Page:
While on an excursion in Scotland I found myself on a foggy cold morning stepping into a catamaran on the Loch Ness and staring into the depths of the deepest loch in the world to find monsters. The rest of the girls were gaggling at a variety of birds that were pecking their way around the edge of the boat (did they never watch Scooby Doo and were NOT completely enthralled with the monsters below us?) and I literally could not take my eyes away from the water below me. I pictures a large sea monster swirling below the boat, snapping its large Scottish teeth and flubbering its way to the surface.
I think that it never surfaces because it takes too long for it to get back down to its bed. If it took too long to return to bed would you ever leave your deepest depths?
The funniest things about fears is that when we face them directly they stay hidden, and we feel disappointed at their lackthereof, which is so ironic, I mean we are always told to face our fears to get rid of them to conquer them, and to be honest when I climb a mountain or face running out of time (a huge fear of mine) and I succeed, I overcome, I miss the fear, I miss the pressure, the sweat, the heartbeats. Is that strange? So when the greatest mythical Scottish monster was creeping below me and refused to surface I was naturally disappointed.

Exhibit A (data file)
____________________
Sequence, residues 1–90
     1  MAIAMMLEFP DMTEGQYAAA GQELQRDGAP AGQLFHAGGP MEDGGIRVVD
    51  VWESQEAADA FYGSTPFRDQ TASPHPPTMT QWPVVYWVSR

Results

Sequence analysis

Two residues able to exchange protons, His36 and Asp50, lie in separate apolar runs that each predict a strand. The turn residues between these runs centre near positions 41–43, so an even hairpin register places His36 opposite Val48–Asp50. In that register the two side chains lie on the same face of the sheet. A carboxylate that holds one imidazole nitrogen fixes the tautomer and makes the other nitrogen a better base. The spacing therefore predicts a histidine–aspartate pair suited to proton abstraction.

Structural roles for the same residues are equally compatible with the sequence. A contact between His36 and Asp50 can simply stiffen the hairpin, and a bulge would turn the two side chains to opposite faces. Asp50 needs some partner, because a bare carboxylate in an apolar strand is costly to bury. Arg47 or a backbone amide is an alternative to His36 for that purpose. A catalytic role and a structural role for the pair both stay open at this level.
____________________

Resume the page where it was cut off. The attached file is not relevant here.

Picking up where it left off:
I think this is a known feeling around Loch Ness.
I’ve recently embarked on a new project with a close business associate (TAHA) on a writing discovery project where we are looking into hidden things, mysterious things, and fears. I think the idea of having fears physically below us, unable to surface, to be a frightening and exhilarating experience. Despite the scientific explanations and quarries with the Loch Ness monster I picture a soft lake in the dead of night, slowly swallowing up the land as the water mass grows and a fin pokes out, producing three small white lilies and leaving them on the surface before retreating for a longer stay than before. Those three lilies are lit by warm sunlight as the dawn breaks, and the fisherman who take to the loch every morning with their young sons to bond see those lilies and think merely there are frogs living in the pond. Ah but no, there are secrets below.
Isn’t it so beautiful how everything can always fit together? It is a bit intimidating.